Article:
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Thursday, March 1, 2012

Exploring free questionnaire data with anchor variables: An illustration based on a study of IT in healthcare

A new article discussing methodological issues based on WarpPLS is available. The article is titled “Exploring free questionnaire data with anchor variables: An illustration based on a study of IT in healthcare”. It has been recently published in the International Journal of Healthcare Information Systems and Informatics. A full text version of the article is available here as a PDF file. Below is the abstract of the article.

This paper makes an important methodological contribution regarding the use of free questionnaires, illustrated through a study that shows that a healthcare professional’s propensity to use electronic communication technologies creates opportunities for interaction with other professionals, which would not otherwise be possible only via face-to-face interaction. This in turn appears to increase mutual trust, and eventually improve the quality of group outcomes. Free questionnaires are often used by healthcare information management researchers. They yield datasets without clear associations between constructs and related indicators. If such associations exist, they must first be uncovered so that indicators can be grouped within latent variables referring to constructs, and structural equation modeling analyses be conducted. A novel methodological contribution is made here through the proposal of an anchor variable approach to the analysis of free questionnaires. Unlike exploratory factor analyses, the approach relies on the researcher’s semantic knowledge about the variables stemming from a free questionnaire. The use of the approach is demonstrated using the multivariate statistical analysis software WarpPLS 2.0. The study leads to a measurement model that passes comprehensive validity, reliability, and collinearity tests. It also appears to yield practically relevant and meaningful results.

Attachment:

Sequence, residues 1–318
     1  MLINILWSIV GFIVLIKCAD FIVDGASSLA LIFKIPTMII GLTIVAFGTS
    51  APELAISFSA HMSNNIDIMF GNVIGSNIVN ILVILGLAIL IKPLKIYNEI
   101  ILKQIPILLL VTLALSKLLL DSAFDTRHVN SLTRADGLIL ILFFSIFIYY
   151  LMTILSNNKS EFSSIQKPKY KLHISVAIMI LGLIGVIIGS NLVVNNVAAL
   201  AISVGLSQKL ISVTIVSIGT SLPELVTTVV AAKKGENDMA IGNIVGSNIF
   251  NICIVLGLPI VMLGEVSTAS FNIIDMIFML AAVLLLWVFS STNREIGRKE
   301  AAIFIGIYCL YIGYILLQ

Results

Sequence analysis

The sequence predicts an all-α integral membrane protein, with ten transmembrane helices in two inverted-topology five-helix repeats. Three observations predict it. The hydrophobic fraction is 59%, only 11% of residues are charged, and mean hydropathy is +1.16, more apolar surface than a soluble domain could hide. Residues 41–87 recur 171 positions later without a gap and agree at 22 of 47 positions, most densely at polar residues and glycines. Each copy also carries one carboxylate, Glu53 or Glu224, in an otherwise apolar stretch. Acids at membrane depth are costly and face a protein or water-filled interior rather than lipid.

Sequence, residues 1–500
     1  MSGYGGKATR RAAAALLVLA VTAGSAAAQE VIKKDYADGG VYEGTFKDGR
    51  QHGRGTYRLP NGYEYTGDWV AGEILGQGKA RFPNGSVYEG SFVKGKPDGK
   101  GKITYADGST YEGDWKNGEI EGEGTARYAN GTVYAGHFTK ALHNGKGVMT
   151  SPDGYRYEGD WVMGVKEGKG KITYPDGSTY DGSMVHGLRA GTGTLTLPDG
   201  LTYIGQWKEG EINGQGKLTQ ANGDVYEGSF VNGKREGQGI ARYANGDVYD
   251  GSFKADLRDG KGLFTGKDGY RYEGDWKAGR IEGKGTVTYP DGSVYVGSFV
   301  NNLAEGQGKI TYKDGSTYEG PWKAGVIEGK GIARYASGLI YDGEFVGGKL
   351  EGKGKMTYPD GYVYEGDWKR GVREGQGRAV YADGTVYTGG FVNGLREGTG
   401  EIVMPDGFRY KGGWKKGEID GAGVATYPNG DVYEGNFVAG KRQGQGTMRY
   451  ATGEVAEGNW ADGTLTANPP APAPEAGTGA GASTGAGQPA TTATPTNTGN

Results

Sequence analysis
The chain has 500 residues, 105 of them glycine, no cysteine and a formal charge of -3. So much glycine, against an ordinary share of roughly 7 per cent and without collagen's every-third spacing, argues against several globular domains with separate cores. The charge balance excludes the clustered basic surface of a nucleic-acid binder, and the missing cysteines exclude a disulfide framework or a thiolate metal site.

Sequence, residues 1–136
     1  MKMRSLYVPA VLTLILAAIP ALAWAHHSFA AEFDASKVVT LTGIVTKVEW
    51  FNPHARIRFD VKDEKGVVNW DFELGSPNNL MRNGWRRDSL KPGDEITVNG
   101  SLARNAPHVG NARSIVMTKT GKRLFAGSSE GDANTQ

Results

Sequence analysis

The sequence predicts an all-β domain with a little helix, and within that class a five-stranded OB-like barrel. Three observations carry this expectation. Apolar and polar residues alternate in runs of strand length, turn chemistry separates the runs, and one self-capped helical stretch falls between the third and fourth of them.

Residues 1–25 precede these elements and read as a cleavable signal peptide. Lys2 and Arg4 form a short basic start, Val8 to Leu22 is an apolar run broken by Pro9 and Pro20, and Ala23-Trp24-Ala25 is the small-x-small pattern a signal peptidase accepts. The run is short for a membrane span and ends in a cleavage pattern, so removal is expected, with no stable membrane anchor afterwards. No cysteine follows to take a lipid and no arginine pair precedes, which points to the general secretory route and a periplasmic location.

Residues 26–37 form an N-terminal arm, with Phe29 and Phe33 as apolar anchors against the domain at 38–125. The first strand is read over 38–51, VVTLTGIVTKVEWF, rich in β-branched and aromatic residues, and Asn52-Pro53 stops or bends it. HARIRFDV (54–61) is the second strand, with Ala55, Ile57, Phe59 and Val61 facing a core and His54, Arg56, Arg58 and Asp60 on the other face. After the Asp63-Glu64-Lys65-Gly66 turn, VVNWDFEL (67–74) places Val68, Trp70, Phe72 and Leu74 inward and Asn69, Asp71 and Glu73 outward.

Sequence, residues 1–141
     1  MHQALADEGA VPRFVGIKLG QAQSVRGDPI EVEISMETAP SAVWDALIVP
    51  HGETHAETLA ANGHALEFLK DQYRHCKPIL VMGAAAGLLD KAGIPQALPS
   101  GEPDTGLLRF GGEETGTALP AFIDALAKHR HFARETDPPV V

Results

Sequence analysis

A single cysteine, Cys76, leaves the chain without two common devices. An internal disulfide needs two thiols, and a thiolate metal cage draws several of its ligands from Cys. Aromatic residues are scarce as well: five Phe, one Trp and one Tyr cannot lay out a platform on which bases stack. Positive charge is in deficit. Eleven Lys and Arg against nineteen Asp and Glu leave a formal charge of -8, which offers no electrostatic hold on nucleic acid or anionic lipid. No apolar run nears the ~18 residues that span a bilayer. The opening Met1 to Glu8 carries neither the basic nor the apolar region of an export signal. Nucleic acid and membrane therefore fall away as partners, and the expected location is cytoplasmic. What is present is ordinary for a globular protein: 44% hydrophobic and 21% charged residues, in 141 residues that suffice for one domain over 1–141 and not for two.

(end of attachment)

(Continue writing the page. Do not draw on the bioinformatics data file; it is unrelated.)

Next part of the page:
1 comment:

jaylen watkins said...

Thanks for this helpful stuff. It is quite interesting.